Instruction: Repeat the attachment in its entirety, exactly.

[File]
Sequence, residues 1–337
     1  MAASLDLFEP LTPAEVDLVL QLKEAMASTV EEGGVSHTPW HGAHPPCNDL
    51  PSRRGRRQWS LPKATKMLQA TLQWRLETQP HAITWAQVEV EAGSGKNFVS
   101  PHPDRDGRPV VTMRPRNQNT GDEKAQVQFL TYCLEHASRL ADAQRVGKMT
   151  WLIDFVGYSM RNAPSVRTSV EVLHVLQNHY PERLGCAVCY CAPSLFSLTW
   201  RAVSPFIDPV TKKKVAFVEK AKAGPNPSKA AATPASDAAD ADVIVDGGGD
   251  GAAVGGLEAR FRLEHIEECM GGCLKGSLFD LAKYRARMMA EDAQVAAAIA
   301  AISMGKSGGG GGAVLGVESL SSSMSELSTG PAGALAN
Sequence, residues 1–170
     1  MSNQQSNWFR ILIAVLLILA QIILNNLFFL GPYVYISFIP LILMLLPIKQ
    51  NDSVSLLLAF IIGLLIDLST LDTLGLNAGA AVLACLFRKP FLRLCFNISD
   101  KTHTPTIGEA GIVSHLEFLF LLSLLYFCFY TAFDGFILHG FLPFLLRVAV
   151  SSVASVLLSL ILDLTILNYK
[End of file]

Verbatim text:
Sequence, residues 1–337
     1  MAASLDLFEP LTPAEVDLVL QLKEAMASTV EEGGVSHTPW HGAHPPCNDL
    51  PSRRGRRQWS LPKATKMLQA TLQWRLETQP HAITWAQVEV EAGSGKNFVS
   101  PHPDRDGRPV VTMRPRNQNT GDEKAQVQFL TYCLEHASRL ADAQRVGKMT
   151  WLIDFVGYSM RNAPSVRTSV EVLHVLQNHY PERLGCAVCY CAPSLFSLTW
   201  RAVSPFIDPV TKKKVAFVEK AKAGPNPSKA AATPASDAAD ADVIVDGGGD
   251  GAAVGGLEAR FRLEHIEECM GGCLKGSLFD LAKYRARMMA EDAQVAAAIA
   301  AISMGKSGGG GGAVLGVESL SSSMSELSTG PAGALAN
Sequence, residues 1–170
     1  MSNQQSNWFR ILIAVLLILA QIILNNLFFL GPYVYISFIP LILMLLPIKQ
    51  NDSVSLLLAF IIGLLIDLST LDTLGLNAGA AVLACLFRKP FLRLCFNISD
   101  KTHTPTIGEA GIVSHLEFLF LLSLLYFCFY TAFDGFILHG FLPFLLRVAV
   151  SSVASVLLSL ILDLTILNYK